Trump’s tax returns released, launching fresh scrutiny of his finances
House Democrats released several years’ worth of former President Donald Trump’s tax returns on Friday, launching what is sure to be another round of intense scrutiny of his finances.
The drop marks an extraordinary step by the House’s top tax writer, Ways and Means Chair Richard Neal (D-Mass.), who had been engaged in a 3½-year legal battle over the release of Trump’s taxes until the Supreme Court ruled in his favor in November. It also adds to the growing list of political and legal challenges for Trump as he mounts his 2024 campaign for president.
The six years of joint tax returns filed by Trump and his wife, Melania, — from 2015 to 2020 — number a little over 2,700 pages. They report income from a wide range of golf, restaurant and ice-skating businesses, as well as speaking engagements.
The forms also show income Trump generated in a range of foreign countries including Canada, China, Turkey, the Philippines, the United Arab Emirates, and the Caribbean island of Saint Martin, among others.
Income from Canada, Ireland and the United Kingdom figure prominently in gross amounts reported. Trump also reported numerous streams of income from Panama.
Trump’s income swung wildly over the years, according to the returns, ranging from a deficit of $32.4 million in 2016 to a high of $24.4 million in 2018. He paid roughly $1 million in taxes in 2018, but nothing in 2020 after reporting negative income of $4.8 million. He paid $641,931 in 2015, $750 in both 2016 and 2017, and $133,445 in 2019.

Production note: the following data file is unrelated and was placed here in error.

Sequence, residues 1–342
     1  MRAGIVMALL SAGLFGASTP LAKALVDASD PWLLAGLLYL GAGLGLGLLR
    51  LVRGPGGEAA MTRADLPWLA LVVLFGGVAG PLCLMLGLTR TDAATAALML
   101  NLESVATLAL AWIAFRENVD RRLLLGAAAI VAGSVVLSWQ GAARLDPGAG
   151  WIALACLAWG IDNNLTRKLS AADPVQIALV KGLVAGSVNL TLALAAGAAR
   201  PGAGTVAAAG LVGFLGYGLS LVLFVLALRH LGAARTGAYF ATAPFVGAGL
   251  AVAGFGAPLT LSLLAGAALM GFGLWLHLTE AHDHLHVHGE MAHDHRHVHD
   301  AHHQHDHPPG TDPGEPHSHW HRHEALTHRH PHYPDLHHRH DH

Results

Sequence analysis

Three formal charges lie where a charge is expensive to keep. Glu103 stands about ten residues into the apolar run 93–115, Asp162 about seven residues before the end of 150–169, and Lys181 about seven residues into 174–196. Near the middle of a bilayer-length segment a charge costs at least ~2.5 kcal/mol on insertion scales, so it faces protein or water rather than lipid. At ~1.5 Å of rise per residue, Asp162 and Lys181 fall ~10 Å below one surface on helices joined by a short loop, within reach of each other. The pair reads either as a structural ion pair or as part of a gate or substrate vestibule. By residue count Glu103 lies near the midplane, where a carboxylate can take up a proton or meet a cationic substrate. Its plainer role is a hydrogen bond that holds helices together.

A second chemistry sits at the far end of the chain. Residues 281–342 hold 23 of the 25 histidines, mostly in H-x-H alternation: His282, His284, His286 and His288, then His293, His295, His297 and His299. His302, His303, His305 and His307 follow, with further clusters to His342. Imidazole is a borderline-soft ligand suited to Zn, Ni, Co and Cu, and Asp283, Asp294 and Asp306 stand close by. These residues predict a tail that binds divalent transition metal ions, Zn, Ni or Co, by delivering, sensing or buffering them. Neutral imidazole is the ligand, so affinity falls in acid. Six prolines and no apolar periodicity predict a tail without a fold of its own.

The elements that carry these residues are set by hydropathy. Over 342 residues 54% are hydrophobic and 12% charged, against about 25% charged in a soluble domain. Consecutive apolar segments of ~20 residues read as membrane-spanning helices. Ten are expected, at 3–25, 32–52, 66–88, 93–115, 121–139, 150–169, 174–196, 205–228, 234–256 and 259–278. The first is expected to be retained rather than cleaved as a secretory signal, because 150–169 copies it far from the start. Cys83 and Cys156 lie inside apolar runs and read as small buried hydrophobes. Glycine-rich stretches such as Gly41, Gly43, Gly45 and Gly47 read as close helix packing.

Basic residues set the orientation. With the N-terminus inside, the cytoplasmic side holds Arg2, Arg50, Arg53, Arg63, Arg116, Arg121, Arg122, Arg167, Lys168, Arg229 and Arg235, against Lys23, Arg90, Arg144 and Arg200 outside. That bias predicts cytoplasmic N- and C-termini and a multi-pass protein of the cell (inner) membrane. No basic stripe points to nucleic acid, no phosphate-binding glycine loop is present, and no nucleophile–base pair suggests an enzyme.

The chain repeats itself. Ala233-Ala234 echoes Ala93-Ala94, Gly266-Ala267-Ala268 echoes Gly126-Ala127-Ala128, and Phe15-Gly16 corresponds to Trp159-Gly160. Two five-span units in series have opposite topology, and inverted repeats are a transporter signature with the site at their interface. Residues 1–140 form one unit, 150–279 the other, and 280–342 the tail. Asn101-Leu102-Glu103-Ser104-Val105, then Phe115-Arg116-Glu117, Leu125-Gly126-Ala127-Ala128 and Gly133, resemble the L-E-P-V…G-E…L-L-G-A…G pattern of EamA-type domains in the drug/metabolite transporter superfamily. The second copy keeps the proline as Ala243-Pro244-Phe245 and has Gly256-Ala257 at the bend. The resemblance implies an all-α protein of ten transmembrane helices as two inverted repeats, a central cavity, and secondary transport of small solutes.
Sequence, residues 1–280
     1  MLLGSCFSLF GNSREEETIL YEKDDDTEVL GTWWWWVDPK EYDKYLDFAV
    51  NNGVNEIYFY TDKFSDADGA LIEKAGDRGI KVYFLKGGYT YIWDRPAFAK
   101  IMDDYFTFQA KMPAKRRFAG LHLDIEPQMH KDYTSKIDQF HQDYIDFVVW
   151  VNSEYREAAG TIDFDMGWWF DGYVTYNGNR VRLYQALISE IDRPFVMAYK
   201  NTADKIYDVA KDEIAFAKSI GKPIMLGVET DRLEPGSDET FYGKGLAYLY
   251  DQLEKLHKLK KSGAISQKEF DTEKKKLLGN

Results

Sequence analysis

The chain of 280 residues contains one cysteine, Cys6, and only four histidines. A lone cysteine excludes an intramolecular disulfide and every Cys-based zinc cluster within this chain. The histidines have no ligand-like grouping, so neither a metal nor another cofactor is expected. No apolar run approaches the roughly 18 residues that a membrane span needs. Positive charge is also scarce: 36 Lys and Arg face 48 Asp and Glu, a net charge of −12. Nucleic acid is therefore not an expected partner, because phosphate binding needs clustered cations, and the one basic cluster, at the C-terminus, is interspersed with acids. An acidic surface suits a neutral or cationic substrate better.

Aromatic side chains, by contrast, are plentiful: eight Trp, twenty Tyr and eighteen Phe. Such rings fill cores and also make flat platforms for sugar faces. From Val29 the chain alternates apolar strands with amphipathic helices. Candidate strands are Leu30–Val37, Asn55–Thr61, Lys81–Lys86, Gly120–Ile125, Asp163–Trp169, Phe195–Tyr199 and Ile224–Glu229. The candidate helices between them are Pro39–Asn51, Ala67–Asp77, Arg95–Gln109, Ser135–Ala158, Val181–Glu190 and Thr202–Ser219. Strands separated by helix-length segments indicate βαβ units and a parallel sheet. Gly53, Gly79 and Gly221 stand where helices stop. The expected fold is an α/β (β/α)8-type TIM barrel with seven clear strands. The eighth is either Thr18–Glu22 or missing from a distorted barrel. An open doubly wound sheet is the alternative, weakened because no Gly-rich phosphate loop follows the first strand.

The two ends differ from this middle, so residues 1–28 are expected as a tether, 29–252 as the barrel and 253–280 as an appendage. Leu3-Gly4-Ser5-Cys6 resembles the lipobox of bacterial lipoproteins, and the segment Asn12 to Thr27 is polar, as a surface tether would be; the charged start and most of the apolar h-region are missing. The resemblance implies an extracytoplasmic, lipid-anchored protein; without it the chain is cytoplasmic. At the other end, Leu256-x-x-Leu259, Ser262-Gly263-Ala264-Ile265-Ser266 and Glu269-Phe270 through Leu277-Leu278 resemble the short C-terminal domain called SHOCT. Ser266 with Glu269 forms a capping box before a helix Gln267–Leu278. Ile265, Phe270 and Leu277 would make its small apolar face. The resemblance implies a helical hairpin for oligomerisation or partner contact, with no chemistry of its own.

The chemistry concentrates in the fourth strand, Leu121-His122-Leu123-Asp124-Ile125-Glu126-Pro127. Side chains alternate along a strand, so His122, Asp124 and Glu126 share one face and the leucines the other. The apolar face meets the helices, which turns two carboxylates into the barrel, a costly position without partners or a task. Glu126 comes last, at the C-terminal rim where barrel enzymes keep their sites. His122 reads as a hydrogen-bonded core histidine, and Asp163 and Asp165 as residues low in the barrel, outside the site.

His real estate empire and other businesses reported significant losses over the six years, some of which reflected losses in prior years that were carried forward.
Trump reported giving gifts to charity for tax years 2015 through 2019, including $1.2 million in 2016, $1.9 million in 2017 and two gifts of around half a million in 2018 and 2019.
In his last year as president, Trump reported making no charitable contributions, despite a promise he made while campaigning to give away his annual presidential salary of $400,000.
Another notable item in the returns are interest payments made to Trump from his children: From 2017 through 2020, Ivanka and Donald Trump Jr. paid their father $18,000 and $8,715, respectively, in interest each year. Eric Trump paid $24,000 each year to his father from 2017 through 2019, but that figure dropped to $19,605 in 2020.
That could be a sign Trump could be trying to skirt a stiff 40 percent tax on gifts to his children by classifying them as loans instead. Though not necessary illegal, the technique would need to adhere to strict IRS rules and requires documentation of letters sent to Trump’s children stating that the former president is forgiving the loans’ principal.
Democrats say their investigation of Trump’s taxes and a mandatory presidential audit program will transform accountability for the most powerful person in the country. Neal sued the Treasury Department in 2019 to obtain the returns under a law that allows the heads of Congress’ tax committees to access anyone’s tax information, after Trump broke decades of tradition by refusing to voluntarily release them as other presidential candidates and sitting presidents have.